9 September 2016
By Jack Ravenhill
August 1976. Six Guajarati women downed their tools and walked out of a photo processing factory in Grunswick, North London. The acrimonious industrial dispute that ensued would persist for two full years, crescendoing in a day of action on the 11th July 1977, whereby an estimated 20,000 supporters arrived at the pickets to show solidarity with the striking Asian women.
Photo of the women strickers
Having just recently passed the fortieth anniversary of the strike, the event constitutes an interesting topic of reflection; it demonstrates just how markedly British society and culture has changed, particularly attitudes towards class, religion, gender and ethnicity. Juxtaposed to the protest movements of today, Grunwick almost appears incomprehensible. How so? What precipitated such changes?
Led by Jayaben Desai, the industrial dispute was fought over insalubrious working conditions, inadequate remuneration and chiefly, the democratic right for union recognition at that photo processing plant. As the strike lingered on, the dispute manifested poignant scenes of mutual support which cut across divisions of gender, ethnicity and religion.
Hulking men from the welsh mines stood shoulder to shoulder with the female textile workers, English nationals drew ranks with migrant labourers and both youth and age populated the pickets. Most remarkably, the dock workers which had a reputation for being socially conservative (many marched in support of Enoch Powell after his infamous ‘rivers of blood’ speech) also turned out en masse to provide succour to the strikers. In the contemporary climate of identity politics, increasing religious and ethnic sectarianism and recrudescent nationalism, such a feat of unity seems unimaginable.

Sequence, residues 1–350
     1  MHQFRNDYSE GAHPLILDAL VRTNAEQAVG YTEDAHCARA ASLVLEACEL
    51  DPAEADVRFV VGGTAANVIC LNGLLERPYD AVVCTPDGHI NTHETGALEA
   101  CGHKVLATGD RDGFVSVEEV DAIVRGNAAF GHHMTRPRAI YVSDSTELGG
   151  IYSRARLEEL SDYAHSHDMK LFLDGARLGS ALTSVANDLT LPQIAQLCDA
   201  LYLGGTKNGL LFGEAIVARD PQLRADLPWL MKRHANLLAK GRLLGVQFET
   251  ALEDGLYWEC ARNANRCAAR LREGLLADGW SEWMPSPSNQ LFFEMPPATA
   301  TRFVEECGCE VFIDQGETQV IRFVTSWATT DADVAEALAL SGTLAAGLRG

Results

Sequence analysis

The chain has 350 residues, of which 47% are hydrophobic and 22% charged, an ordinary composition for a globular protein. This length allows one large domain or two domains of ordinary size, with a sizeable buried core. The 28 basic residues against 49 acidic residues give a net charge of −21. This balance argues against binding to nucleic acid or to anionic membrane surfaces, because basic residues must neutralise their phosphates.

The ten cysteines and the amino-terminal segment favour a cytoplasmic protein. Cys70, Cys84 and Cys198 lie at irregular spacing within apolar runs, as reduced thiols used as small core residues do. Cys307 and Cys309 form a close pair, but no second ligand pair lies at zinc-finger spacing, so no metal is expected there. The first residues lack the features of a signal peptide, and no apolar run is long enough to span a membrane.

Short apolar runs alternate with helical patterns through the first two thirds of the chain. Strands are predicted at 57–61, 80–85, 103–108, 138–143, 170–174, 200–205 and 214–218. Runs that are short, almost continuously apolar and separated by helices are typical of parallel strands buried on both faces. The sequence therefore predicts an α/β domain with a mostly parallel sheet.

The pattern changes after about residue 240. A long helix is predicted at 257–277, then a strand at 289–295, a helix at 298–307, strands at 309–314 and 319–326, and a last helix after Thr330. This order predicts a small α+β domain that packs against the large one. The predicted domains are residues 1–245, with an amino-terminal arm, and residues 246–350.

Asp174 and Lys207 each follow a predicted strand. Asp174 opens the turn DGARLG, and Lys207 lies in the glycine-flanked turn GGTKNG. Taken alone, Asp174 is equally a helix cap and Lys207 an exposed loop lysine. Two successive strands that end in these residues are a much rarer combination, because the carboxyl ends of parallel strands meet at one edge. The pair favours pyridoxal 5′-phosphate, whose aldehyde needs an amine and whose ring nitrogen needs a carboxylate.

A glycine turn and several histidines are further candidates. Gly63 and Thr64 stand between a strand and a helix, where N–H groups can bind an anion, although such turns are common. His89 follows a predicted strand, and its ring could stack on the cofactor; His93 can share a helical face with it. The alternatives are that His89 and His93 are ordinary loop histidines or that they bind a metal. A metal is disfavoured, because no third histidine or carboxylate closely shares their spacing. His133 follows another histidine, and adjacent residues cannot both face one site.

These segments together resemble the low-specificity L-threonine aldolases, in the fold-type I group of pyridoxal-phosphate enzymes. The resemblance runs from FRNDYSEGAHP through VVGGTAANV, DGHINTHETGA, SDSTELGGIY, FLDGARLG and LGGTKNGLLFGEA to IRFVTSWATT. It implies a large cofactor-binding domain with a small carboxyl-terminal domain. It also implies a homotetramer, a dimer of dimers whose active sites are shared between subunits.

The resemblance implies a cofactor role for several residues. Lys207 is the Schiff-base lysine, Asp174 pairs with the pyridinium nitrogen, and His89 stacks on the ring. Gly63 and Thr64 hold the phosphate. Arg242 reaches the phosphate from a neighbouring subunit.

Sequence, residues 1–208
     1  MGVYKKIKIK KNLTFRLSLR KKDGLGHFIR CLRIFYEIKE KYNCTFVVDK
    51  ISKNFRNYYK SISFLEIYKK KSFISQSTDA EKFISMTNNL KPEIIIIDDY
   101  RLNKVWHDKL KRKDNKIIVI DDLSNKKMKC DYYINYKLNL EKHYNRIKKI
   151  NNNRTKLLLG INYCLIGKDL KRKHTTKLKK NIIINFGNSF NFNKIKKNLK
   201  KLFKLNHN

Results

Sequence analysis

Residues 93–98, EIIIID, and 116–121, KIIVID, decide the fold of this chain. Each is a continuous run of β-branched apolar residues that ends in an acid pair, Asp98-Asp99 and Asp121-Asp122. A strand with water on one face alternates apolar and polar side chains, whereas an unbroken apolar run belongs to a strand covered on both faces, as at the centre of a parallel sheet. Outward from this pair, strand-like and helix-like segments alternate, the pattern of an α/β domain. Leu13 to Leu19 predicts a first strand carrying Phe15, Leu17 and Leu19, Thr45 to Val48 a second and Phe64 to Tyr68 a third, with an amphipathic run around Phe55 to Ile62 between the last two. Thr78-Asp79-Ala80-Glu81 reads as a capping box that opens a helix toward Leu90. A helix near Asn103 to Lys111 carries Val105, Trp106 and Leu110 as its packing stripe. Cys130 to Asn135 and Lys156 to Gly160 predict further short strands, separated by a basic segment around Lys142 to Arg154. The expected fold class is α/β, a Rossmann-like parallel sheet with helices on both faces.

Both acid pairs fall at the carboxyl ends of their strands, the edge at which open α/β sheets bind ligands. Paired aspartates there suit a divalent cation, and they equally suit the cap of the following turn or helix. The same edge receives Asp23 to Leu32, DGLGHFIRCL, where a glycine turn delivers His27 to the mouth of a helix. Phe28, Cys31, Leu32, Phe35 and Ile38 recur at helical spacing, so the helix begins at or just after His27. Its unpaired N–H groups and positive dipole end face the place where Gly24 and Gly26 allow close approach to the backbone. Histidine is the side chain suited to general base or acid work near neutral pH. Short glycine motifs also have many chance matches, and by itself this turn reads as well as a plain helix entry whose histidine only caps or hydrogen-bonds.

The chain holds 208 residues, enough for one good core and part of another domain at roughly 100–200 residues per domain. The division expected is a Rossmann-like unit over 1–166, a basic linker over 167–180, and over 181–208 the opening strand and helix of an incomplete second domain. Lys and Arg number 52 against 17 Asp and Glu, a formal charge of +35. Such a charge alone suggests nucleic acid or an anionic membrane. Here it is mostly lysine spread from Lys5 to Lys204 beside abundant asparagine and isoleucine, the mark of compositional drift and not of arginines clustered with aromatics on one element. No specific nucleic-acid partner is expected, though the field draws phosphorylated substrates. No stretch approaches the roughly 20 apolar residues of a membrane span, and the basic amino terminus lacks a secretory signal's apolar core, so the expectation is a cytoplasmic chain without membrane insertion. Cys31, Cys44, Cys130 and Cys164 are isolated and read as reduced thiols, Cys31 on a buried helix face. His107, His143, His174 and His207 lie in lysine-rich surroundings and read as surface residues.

In retrospect, the language of the female workers involved provides a clue as to how such a transcendent esprit de corps was engendered. Principally, the dispute was steeped in notions of natural rights, due rights which were being egregiously violated: the right to trade union recognition, the right to be seen as an equal citizen to British counterparts, the right to have innate humanity recognised.
Jayaben Desai’s remark to the plant manager aptly demonstrates such sentiments: